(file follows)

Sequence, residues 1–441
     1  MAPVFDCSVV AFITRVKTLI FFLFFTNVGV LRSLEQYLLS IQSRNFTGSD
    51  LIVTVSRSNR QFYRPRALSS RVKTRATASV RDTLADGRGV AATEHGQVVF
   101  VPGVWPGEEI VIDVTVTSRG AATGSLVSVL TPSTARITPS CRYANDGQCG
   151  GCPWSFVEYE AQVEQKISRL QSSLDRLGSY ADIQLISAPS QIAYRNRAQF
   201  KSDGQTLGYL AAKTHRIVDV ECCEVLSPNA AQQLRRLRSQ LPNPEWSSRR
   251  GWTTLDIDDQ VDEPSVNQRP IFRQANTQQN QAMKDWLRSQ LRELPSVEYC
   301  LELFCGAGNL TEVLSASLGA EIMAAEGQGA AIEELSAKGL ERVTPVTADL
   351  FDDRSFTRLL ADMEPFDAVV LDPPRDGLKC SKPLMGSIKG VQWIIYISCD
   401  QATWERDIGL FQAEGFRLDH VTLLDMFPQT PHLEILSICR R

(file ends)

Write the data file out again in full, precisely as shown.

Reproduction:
Sequence, residues 1–441
     1  MAPVFDCSVV AFITRVKTLI FFLFFTNVGV LRSLEQYLLS IQSRNFTGSD
    51  LIVTVSRSNR QFYRPRALSS RVKTRATASV RDTLADGRGV AATEHGQVVF
   101  VPGVWPGEEI VIDVTVTSRG AATGSLVSVL TPSTARITPS CRYANDGQCG
   151  GCPWSFVEYE AQVEQKISRL QSSLDRLGSY ADIQLISAPS QIAYRNRAQF
   201  KSDGQTLGYL AAKTHRIVDV ECCEVLSPNA AQQLRRLRSQ LPNPEWSSRR
   251  GWTTLDIDDQ VDEPSVNQRP IFRQANTQQN QAMKDWLRSQ LRELPSVEYC
   301  LELFCGAGNL TEVLSASLGA EIMAAEGQGA AIEELSAKGL ERVTPVTADL
   351  FDDRSFTRLL ADMEPFDAVV LDPPRDGLKC SKPLMGSIKG VQWIIYISCD
   401  QATWERDIGL FQAEGFRLDH VTLLDMFPQT PHLEILSICR R